Then I cut the rear subframe below the seat for a cleaner look, I weight 135lbs and have had no flex or bends from this. View attachment 51450

ELECTRONICS:
Where did I put all of them? For 2 years I was just riding with all of them dangling about behind the carburetor, crude, yes. Effective, yes.
If you have a smaller battery you can fit ALL of the electronics below the stock seat and the bottom level of the seat's frame. So if you make a flat pan using sheet metal and mount it below the seat you can stuff everything in there neatly IF you have a smaller battery.

Got a set of Metzler Sportech M5 without knowing they were low treadwear tires. You can fit 150/60/17 in the rear with no issues. 110 in the front. Picked up the set nearly new for $50. I wouldn't go more than 150 though, I hear you start running into pinching which is where to rim is significantly smaller in terms of width than the tire and the tire does some weird bending.

I recommend removing the brake calipers prior to removing wheels

To remove the rear you put bike on a stand, then using a 17mm wrench on one side and a 24mm or a channel lock, or adjustable wrench on the other, you loosen the bolts and pull out the axle.

For the front you jack the front from the forks, then using a smaller allen head to loosen the bolts on the bottom, then use a 12mm allen to loosen the axle and remove.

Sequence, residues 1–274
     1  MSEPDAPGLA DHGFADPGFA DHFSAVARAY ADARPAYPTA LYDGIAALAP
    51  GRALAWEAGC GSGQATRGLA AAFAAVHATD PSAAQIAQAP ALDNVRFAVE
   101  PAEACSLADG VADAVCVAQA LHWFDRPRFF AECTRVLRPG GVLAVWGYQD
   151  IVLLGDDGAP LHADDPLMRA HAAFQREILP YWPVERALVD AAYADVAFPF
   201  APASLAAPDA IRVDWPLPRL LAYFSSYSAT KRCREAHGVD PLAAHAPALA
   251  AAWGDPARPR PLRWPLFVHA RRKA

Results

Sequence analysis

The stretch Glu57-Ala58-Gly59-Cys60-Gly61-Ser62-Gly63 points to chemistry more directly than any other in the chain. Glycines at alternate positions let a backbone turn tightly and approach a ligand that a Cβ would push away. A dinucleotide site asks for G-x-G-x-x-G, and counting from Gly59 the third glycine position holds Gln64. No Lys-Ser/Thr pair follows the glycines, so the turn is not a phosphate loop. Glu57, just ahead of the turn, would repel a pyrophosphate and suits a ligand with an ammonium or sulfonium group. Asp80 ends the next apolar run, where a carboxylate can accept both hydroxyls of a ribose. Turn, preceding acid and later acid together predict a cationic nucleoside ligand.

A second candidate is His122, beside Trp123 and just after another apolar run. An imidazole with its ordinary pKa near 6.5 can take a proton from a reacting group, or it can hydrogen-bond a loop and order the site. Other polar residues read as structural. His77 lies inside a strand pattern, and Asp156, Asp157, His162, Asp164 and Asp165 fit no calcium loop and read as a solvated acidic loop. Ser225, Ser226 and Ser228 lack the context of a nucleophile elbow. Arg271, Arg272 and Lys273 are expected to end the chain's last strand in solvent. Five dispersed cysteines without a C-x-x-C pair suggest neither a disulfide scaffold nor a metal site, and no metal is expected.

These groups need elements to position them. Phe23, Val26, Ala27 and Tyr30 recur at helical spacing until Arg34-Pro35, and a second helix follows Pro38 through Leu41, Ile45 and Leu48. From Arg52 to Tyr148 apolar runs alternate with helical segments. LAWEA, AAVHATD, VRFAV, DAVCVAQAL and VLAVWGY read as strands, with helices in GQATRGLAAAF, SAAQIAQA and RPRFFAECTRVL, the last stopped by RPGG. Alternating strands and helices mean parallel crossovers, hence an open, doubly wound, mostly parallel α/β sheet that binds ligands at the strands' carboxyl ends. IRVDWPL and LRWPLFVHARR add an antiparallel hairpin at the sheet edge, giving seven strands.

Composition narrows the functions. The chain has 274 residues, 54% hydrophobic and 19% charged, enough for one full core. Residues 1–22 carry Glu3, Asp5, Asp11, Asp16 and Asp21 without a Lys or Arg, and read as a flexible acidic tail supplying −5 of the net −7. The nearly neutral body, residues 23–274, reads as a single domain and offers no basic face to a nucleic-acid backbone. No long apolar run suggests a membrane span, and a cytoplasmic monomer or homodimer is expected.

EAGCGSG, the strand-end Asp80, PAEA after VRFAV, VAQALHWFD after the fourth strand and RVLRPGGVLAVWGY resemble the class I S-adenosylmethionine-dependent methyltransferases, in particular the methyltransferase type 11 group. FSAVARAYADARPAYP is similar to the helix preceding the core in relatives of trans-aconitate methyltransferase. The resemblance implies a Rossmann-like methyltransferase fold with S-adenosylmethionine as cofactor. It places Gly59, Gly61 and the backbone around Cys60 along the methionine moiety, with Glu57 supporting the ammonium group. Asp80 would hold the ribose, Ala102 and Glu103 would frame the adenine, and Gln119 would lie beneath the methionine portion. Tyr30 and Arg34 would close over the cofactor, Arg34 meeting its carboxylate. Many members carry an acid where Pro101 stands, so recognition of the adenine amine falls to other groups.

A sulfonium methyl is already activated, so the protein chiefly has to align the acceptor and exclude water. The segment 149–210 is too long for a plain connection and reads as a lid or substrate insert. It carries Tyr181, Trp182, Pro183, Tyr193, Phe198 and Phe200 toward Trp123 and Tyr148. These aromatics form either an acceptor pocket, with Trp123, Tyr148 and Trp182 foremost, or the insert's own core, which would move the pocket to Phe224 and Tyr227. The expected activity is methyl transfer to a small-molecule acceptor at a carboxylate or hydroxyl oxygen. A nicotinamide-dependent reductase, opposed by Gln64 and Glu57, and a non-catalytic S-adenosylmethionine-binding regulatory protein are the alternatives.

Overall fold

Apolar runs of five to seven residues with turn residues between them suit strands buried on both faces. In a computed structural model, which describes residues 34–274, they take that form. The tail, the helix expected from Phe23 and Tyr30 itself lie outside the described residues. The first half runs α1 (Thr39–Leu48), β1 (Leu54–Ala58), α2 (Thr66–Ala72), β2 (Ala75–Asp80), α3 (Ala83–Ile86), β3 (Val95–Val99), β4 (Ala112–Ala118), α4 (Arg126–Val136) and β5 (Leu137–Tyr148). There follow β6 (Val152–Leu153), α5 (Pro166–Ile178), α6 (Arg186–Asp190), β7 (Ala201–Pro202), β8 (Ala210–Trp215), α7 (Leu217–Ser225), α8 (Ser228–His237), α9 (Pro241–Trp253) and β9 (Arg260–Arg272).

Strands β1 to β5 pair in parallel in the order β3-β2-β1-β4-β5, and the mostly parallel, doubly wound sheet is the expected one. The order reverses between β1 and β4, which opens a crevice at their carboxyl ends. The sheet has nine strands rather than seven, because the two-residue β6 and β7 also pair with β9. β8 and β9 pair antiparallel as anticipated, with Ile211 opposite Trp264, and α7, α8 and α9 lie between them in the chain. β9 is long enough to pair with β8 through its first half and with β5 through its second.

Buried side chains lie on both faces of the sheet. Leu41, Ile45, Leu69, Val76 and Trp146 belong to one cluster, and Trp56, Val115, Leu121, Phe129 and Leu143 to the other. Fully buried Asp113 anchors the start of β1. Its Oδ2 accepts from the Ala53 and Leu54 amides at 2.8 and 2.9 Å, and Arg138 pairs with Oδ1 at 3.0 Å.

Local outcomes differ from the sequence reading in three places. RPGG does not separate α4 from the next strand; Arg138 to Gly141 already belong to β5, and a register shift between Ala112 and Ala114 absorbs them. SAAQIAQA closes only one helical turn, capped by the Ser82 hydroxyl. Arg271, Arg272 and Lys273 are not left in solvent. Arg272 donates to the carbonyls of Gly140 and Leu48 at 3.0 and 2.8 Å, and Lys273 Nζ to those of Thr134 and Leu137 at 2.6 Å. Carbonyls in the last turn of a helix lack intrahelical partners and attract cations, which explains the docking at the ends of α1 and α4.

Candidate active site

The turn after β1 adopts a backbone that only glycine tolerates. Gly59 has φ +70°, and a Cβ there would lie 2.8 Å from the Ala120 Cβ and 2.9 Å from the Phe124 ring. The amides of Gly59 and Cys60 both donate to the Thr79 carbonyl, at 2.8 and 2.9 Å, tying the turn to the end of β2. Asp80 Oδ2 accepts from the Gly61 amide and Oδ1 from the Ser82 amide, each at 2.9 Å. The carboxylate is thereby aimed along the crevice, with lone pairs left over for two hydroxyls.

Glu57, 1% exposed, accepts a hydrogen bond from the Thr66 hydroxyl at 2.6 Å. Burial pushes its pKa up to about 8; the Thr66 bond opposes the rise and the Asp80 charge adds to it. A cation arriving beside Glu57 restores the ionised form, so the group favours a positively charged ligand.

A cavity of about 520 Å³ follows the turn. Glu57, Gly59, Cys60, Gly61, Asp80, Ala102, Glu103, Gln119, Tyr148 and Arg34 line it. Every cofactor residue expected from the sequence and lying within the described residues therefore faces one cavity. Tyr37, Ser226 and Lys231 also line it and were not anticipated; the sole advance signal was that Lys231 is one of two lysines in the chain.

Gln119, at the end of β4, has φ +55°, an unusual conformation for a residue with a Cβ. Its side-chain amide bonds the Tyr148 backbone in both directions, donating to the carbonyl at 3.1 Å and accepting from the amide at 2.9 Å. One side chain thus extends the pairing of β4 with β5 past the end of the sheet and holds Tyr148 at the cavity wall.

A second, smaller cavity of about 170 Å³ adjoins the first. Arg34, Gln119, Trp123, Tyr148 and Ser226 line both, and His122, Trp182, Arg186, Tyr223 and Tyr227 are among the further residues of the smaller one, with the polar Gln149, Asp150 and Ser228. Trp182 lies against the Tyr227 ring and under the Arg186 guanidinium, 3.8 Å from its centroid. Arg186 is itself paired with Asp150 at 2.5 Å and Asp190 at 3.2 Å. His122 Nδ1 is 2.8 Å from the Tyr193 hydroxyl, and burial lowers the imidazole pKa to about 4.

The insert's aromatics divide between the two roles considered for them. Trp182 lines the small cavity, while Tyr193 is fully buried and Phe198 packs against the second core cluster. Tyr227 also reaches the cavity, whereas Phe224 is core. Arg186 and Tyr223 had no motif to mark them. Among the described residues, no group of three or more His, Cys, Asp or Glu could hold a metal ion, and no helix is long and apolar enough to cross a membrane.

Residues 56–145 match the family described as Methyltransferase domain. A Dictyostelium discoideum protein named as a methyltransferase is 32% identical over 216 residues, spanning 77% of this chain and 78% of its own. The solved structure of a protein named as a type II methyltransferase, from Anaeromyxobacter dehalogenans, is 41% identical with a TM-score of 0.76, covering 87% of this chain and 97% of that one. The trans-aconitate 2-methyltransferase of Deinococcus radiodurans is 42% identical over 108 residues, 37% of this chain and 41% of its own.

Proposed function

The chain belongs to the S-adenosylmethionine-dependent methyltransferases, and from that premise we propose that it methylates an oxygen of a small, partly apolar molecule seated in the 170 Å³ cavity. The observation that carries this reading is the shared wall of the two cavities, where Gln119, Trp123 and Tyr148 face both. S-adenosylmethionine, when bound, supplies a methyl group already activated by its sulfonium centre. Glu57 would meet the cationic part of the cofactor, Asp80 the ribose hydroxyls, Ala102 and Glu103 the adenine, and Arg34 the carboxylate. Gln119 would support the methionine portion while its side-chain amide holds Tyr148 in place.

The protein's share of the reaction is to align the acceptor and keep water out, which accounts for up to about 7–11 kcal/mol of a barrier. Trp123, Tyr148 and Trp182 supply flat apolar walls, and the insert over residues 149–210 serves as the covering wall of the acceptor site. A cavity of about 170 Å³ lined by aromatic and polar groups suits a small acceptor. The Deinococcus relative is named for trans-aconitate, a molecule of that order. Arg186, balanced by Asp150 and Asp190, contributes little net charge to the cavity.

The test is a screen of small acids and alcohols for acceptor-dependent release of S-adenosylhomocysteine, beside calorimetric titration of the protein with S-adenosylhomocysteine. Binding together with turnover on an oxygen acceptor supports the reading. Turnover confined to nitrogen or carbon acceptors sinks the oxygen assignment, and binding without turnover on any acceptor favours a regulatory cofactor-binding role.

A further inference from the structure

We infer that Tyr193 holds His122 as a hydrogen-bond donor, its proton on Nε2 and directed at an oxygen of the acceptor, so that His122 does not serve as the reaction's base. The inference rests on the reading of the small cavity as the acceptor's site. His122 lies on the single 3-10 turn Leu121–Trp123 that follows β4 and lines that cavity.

Then I took them to a shop to get them mounted and balanced for $40 each including disposal.
View attachment 51453 View attachment 51454 View attachment 51456 View attachment 51457
Lowered the front forks by an inch and increased preload in the rear. Also cut off the excess metal that used to hold the battery in place, didnt cut the part where it connects the two mounting points for the rear shock though.

VACCUUM LINES:
Theyre just out and about, no issues

COOLANT SYSTEM:
As mentioned in another thread our radiator cap is the same as a Ford Ranger's Part number 7516 at Autozone for 9.99 plus tax.

My thermo switch had gone bad from coolant spewing out from the bad cap, so I just hardwired a switch. If you unplug the switch you can use some connectors to plug into both of those ends, and a switch between the two. Use this same method to test if you have a bad fan or switch after checking fuses.

Also replaced the overflow tank with a glass jar because of aesthetics
View attachment 51451 View attachment 51452 View attachment 51458
Still waiting on some aftermarket levers and velocity stacks.
I have an 89 ninja im trying to change the air box is there anyway to get more air flow? What exactly did you do?
 

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in his initial post, the OP stated he removed airbox and ran "open carbs", claiming "very good results". CV carbs and airbox are designed to work in conjunction with one another. I'd challenge him to rival the performance of a Fog modded, stock exhaust/airbox, well setup EX, doesn't even know what he's missing.
 

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Also replaced the overflow tank with a glass jar because of aesthetics

A thing of beauty is a joy for ever:
Its loveliness increases; it will never
Pass...

Enjoy every ride!!